You may have heard about these NASA engineers who claim to have demonstrated a reactionless drive mechanism — that is, something that can generate thrust without shooting anything out the back end. Such a device would violate one of the most well-established laws of physics, namely conservation of momentum. It would be an incredibly big deal if true.
Of course it’s not true, for all the usual reasons: Extraordinary claims require extraordinary evidence, never believe an experiment until it’s been confirmed by a theory, etc.
You can be confident that this result is wrong by using reasoning, or, as some people like to call it, Bayesian reasoning. To be specific, the new experimental result causes you to update your prior beliefs. Your prior belief was, or at least should have been, that there’s an incredibly high probability that momentum is conserved, particularly in situations like this one that are described by the best-tested theory in the history of science. When your prior is extremely strong (in this case because of centuries’ worth of experimental confirmation), even a very well-done experiment is not enough to dislodge it.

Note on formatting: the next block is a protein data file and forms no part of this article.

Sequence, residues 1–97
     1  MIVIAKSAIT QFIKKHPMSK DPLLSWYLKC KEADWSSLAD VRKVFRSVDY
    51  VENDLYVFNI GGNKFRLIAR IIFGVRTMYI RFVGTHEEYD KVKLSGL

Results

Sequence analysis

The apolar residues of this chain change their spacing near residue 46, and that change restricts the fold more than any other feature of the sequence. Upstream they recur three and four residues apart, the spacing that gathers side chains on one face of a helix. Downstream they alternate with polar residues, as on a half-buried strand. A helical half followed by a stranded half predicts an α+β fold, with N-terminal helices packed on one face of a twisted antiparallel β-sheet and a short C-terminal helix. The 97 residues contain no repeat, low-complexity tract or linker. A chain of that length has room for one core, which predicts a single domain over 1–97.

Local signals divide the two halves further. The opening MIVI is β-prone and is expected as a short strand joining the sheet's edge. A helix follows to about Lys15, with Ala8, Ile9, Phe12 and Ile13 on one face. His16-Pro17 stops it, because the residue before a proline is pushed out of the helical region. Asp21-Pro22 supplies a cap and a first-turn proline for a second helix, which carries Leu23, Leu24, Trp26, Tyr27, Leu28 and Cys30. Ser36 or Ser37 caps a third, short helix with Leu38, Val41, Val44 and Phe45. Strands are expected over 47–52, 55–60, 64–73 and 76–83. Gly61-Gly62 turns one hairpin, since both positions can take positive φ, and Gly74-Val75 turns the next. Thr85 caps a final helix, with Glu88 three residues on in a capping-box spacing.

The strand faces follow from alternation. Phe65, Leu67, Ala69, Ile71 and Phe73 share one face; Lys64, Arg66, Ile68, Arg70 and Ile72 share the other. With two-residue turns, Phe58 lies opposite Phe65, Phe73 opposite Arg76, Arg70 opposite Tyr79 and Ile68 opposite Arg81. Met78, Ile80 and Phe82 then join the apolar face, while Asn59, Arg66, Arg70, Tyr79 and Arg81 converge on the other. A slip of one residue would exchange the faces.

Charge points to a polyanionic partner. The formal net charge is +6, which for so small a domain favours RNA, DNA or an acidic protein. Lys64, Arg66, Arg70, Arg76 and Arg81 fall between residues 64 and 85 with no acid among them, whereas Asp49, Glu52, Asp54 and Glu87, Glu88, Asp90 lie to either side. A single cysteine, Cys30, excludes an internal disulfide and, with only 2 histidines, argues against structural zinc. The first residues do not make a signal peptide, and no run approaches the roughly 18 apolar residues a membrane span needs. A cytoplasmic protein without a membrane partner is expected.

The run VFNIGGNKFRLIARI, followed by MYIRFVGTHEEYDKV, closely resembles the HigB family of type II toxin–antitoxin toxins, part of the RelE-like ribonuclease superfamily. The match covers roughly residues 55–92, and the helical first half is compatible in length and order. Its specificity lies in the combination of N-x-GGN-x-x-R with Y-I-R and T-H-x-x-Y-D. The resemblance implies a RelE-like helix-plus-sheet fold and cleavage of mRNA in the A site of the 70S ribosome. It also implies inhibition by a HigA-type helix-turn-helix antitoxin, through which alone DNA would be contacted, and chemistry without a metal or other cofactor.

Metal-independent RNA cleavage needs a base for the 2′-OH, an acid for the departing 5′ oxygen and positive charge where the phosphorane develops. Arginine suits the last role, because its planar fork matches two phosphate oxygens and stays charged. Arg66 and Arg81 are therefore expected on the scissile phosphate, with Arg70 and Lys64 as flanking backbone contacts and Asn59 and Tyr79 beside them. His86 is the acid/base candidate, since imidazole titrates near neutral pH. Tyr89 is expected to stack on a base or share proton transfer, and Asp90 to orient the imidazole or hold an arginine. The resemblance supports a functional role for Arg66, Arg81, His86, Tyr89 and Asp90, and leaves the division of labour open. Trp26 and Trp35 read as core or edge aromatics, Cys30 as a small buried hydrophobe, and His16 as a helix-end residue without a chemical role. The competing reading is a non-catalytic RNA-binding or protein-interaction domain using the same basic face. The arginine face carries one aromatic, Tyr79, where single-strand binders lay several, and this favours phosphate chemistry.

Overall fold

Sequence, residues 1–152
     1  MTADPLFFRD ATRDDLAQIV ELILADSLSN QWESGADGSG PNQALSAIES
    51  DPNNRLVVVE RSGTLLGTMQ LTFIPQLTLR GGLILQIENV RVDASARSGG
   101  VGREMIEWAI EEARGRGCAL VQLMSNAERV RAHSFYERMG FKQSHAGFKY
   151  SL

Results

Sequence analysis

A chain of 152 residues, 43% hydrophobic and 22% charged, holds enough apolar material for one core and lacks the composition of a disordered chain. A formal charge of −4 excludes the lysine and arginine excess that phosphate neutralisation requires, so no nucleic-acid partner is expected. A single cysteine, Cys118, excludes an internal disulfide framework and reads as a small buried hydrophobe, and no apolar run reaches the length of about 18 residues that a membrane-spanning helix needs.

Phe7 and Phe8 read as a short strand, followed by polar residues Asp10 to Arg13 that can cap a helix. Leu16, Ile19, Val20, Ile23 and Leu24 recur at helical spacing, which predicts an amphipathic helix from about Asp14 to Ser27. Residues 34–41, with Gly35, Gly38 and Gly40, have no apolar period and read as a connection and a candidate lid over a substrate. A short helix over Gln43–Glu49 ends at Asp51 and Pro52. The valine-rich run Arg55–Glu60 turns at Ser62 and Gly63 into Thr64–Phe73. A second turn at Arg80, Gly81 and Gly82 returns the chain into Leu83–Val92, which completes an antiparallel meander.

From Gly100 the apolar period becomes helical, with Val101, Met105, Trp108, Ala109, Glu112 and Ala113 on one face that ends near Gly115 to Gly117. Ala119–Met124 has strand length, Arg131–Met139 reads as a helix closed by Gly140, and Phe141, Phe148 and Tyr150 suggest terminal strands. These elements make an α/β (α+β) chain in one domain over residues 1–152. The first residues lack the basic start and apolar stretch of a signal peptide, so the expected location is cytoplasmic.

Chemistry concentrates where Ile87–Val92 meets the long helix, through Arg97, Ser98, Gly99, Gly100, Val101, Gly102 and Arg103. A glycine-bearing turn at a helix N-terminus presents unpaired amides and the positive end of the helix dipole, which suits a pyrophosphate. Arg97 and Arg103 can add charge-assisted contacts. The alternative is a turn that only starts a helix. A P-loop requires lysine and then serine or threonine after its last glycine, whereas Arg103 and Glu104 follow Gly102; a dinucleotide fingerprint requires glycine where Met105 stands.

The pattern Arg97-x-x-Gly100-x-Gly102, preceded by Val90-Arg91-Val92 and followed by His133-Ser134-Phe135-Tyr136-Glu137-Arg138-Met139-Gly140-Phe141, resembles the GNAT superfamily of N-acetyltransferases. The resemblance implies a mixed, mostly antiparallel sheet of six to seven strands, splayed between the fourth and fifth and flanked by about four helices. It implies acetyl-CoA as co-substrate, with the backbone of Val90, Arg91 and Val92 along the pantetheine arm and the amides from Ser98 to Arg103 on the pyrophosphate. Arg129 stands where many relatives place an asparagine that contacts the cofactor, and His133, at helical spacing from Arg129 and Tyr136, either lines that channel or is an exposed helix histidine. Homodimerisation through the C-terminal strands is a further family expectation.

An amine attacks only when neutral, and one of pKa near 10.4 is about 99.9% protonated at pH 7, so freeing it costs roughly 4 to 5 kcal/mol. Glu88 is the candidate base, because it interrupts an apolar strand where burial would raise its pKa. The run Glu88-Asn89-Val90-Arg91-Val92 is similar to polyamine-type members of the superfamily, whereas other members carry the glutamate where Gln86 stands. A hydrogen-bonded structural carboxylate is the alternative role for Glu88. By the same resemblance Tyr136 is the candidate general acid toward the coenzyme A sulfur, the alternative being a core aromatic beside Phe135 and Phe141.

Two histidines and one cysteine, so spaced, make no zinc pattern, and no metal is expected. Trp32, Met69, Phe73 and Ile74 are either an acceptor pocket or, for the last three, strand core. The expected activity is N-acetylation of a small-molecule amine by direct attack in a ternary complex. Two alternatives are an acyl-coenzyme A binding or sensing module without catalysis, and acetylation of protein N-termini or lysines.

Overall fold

Phil Plait’s post is a reasonable place to go for more details, although he’s much too kind at a couple of points:
I’m not saying it’s wrong, but I am saying it’s very, very likely to be some sort of measurement or experimental error.
This is bizarrely wishy-washy. I, for one, am saying it’s wrong.
Plait also says
The only other way this device could possibly work is if it’s interacting with “virtual particles”, an interesting idea, but a highly speculative one.
Again, this is far too kind. To say that this works by “interacting with virtual particles” means precisely as much as saying that it works by interacting with invisible blue fairies. “Virtual particles,” as the term has been used in physics for nearly a century, would definitely not produce an effect like this. If the authors mean anything by this claim at all, then they are using that term in a way that bears no relation to its usual meaning, but of course there’s no indication at all of what they do think it means. They should just just call them invisible blue fairies instead, to avoid confusion.
Despite my complaints, Plait does sound an appropriate, if understated, note of skepticism. He also links to a couple of posts by my old friend John Baez, which treat the subject with an appropriate level of scorn. No euphemisms like “highly speculative” for him:
“Quantum vacuum virtual plasma” is something you’d say if you failed a course in quantum field theory and then smoked too much weed.
Despite being a mathematician, Baez digs deeper than most people into the experimental details, pointing out one astonishing fact that I haven’t seen mentioned elsewhere: the article describes in detail the workings of the vacuum chamber in which the experiment was performed, but the actual experiment was done “at ambient atmospheric pressure” (i.e., not in a vacuum). This is important because one obvious possible source of error is the production of air currents surrounding the device.